The United States Department of Veterans Affairs (VA) began the process of updating its Schedule for Rating Disabilities in September 2017. In May 2018, the VA released a new ratings schedule for female veterans related to Female Sexual Arousal Disorder (FSAD). Although the VA did not remove any gynecological conditions, it did add some new ones related to sexual interest/arousal disorder. The VA also restructured diagnostic criteria and codes for other reproductive and sexual functioning disorders at that time.
Female sexual arousal disorder was a major addition to the ratings schedule in 2018. The change came due to the VA wanting to ensure that male and female service members and veterans received equal benefits for sexual function problems.
Male veterans had received coverage for the treatment of erectile dysfunction for many years. Erectile dysfunction is the primary male sexual function issue and meets the diagnostic criteria of a disability. Military healthcare plans have long covered Viagra as a treatment option for erectile dysfunction. The increasing number of enlisted female soldiers forced the VA to address why female sexual dysfunction did not receive the same benefits and number of treatment options as male sexual function issues.
Understanding Female Sexual Arousal Disorder (FSAD)
FSAD is an all-encompassing term to describe female sexual dysfunction. Your doctor may provide a diagnosis of FSAD if you meet any of these diagnostic criteria:
- Low sex drive: Also known as hypoactive sexual desire disorder, low sex drive is common in women with FSAD. Having a low sex drive means you have little to no interest in initiating sexual activity or following through with sexual intercourse.
- Orgasmic disorder: Women with orgasmic disorder have difficulty achieving orgasm even after experiencing intense genital sensations and having the desire to engage in sexual intercourse. Reduced blood flow to the clitoris is a common cause of orgasmic disorder.
- Sexual arousal problems: Your desire for sexual activity is normal, but you have arousal problems that make it challenging to become aroused through clitoral stimulation or remain aroused long enough for sexual intercourse.
- Sexual pain disorder: This symptom of FSAD causes pain during sexual stimulation or during any type of vaginal contact.
Women with any of the following risk factors are more likely to develop FSAD:
- Blood vessel disease
- Heart disease
- History of trauma, particularly sexual abuse
- Neurological conditions
- Sexual side effects of certain medication
Please note that FSAD is not a mental health condition even when a history of sexual abuse contributes to its symptoms. The Diagnostic and Statistical Manual of Mental Disorders (DSM-5) makes no mention of FSAD nor is FSAD a diagnosis of exclusion.
Your healthcare provider is the only one who can make a diagnosis of FSAD after completing a gynecological exam. Gynecological clinicians look for physiological issues that contribute to problems with genital arousal, blood flow, lubrication, recurrent inability to complete sexual intercourse, and other common female sexual dysfunction problems.
You may be eligible for compensation from the United States Department of Veterans Affairs if you can prove that you developed FSAD while on active duty or your FSAD became worse in the military. To meet eligibility requirements for VA payments, you must be able to establish a service connection between your military service and FSAD symptoms.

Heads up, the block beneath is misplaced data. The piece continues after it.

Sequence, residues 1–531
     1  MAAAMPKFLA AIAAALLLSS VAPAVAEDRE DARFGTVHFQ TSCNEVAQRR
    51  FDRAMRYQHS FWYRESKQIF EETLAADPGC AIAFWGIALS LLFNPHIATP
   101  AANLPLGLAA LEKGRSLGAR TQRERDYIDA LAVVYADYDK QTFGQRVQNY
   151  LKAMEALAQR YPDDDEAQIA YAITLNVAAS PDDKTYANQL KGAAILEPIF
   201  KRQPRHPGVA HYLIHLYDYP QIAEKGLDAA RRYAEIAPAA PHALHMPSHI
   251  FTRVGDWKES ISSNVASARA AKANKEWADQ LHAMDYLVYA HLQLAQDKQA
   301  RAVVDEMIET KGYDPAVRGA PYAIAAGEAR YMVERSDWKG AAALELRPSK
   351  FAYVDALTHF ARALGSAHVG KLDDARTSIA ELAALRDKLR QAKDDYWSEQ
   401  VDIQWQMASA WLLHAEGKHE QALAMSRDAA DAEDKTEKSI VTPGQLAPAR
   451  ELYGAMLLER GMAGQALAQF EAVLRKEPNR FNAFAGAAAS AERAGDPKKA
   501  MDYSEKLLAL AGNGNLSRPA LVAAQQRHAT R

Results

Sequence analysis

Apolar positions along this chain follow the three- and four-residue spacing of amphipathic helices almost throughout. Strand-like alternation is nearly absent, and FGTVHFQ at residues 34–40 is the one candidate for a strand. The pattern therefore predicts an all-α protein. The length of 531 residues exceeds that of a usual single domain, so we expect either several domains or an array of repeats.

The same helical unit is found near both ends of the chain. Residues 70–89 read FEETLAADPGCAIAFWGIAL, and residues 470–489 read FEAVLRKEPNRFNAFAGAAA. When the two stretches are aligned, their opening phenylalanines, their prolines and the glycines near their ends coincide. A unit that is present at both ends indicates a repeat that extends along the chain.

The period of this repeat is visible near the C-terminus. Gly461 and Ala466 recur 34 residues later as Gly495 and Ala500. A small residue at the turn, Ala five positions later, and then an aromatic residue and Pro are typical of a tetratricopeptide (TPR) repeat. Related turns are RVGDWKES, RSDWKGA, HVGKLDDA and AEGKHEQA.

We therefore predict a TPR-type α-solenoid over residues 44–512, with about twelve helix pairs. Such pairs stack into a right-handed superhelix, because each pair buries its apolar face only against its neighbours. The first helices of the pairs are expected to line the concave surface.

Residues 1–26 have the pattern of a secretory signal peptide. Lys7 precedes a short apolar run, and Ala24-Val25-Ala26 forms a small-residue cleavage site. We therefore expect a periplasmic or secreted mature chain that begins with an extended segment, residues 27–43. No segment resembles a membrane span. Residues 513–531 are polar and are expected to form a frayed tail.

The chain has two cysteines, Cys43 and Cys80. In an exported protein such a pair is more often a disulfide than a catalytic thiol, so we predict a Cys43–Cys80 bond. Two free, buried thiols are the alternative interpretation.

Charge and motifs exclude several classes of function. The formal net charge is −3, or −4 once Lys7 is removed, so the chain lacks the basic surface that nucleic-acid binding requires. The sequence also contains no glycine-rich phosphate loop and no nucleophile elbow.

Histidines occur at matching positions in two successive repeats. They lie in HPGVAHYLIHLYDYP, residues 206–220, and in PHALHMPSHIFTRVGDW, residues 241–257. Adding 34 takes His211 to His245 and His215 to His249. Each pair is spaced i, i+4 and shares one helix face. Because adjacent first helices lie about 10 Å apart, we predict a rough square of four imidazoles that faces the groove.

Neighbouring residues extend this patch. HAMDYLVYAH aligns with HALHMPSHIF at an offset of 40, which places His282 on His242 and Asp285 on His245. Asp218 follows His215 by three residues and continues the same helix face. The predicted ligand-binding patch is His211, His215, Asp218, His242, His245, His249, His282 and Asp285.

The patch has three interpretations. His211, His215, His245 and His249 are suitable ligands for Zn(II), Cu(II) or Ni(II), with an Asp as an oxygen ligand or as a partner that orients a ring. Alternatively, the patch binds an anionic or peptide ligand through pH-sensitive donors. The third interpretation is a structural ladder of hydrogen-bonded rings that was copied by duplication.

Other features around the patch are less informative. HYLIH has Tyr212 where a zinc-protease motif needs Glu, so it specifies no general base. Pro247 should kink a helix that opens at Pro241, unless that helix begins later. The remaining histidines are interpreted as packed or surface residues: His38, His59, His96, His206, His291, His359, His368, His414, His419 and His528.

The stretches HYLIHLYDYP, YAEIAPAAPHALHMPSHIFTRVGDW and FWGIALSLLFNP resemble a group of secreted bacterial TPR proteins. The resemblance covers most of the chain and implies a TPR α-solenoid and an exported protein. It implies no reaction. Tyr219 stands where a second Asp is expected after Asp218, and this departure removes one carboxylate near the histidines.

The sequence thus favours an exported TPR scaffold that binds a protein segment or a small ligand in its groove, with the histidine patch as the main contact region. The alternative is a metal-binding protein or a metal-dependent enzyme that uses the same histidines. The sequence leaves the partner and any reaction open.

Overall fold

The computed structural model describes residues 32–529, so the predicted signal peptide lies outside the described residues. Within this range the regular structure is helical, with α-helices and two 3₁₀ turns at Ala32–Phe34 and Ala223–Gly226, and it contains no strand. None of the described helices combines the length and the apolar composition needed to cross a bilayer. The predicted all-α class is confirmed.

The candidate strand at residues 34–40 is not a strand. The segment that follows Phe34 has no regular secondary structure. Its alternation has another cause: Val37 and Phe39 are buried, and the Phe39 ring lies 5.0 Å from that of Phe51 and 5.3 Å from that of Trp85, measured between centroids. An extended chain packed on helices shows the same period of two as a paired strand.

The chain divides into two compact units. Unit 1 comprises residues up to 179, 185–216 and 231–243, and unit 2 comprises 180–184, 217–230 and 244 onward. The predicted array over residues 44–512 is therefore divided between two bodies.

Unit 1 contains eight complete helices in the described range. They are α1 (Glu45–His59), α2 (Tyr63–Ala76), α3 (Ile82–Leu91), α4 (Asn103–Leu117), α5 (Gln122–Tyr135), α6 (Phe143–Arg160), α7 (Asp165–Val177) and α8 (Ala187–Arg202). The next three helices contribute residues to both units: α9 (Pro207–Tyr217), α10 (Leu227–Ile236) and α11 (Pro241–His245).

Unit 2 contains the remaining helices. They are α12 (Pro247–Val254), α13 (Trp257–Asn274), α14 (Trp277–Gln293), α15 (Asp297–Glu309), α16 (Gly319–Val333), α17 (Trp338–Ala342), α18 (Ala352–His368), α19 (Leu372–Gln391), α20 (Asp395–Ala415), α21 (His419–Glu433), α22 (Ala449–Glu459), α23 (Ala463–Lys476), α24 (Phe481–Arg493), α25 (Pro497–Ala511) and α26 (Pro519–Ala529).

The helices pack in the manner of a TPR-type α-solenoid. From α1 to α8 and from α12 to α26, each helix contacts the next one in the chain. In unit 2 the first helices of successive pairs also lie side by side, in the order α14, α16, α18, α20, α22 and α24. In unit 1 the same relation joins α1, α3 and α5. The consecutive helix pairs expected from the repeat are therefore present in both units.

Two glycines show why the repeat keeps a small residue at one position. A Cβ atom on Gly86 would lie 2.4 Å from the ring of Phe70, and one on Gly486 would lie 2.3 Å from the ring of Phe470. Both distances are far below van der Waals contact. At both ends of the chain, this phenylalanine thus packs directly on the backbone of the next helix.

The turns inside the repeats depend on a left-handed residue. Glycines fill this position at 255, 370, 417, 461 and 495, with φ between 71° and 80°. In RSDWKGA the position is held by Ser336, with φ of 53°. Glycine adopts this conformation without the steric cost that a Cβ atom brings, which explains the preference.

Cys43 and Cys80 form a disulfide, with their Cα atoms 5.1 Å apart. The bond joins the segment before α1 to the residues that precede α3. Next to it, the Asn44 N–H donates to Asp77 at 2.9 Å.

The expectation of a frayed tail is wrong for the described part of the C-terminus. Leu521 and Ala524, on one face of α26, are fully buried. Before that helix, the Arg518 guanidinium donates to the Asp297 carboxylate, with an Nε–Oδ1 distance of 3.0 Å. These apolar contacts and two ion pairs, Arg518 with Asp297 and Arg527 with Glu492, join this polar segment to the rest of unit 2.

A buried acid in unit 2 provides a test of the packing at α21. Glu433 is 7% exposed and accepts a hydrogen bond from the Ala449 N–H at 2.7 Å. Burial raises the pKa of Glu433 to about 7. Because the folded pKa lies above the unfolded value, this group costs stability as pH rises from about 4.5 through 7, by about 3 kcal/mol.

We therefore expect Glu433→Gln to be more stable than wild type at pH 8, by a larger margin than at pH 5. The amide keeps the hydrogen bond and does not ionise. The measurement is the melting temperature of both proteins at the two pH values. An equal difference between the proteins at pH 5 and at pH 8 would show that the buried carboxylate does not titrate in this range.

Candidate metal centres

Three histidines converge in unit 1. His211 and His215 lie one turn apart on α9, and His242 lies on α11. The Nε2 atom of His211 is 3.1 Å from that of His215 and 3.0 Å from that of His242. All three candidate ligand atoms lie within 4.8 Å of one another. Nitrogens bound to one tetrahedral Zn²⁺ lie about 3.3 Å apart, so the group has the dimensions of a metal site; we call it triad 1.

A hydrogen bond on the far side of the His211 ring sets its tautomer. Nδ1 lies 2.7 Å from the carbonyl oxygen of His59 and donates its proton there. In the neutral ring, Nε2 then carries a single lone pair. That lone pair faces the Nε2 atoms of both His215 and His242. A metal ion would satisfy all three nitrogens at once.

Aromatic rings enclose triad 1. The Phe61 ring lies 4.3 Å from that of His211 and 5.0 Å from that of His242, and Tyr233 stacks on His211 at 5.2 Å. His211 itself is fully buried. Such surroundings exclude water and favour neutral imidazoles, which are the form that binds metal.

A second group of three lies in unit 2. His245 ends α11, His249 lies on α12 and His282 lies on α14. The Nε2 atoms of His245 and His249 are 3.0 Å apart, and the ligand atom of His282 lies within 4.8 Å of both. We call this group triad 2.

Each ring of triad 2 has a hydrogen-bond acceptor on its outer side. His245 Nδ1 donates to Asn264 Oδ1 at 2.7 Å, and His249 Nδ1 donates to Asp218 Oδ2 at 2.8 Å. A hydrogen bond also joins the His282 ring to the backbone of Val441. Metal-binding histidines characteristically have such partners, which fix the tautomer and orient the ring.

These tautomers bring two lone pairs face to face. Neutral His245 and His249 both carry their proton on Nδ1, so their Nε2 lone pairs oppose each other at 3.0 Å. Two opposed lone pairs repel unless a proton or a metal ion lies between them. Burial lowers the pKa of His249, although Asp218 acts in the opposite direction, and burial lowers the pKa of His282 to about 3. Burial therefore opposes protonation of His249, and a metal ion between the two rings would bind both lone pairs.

How to Establish a Service Connection for FSAD
You must have a diagnosis of FSAD from a qualified healthcare professional to apply for disability benefits for FSAD. Next, you need to show proof of an in-service event, illness, or injury that caused you to develop FSAD or made it worse. Lastly, you need to establish a medical nexus between your in-service event and a diagnosis of FSAD.
You should be prepared to report for a Compensation and Pension (C & P) exam. The clinicians working with you will ask you questions about female sexual interest and sexual performance problems. This is necessary to establish a service connection that enables you to apply for VA benefits.
VA Rating System for FSAD
The VA uses 38 CFR § 4.116 Schedule of Ratings: Gynecological Conditions and Disorders of the Breast when determining your eligibility for disability payments. A diagnosis of FSAD due to military service receives a 0 percent disability rating.
The one exception to the 0 percent disability rating is when you have sustained physical damage to your vagina, clitoris, or other sexual organs and can prove a service connection. In the case of physical damage to reproductive organs, the VA rates your disability according to the appropriate diagnostic criteria.
You may be eligible for special monthly compensation for FSAD if you became infertile while on active duty due to losing the use of your reproductive organs. Infertility can also result from low estrogen levels. Whether you qualify for VA payments or not, it is important to understand your treatment options for sexual interest/arousal disorder and to seek help from a gynecologist specializing in sexual functioning disorders.
Contact Hill & Ponton for Help with Your VA Disability Claim
We invite you to visit the web site of Hill & Ponton, a disability rights law firm with multiple satellite offices throughout the country. You can request a free case evaluation from our web site or contact us directly at 888-373-9436. Our attorneys have decades of combined experience helping both male and female veterans receive the compensation and/or disability payments they have earned from serving the United States military.
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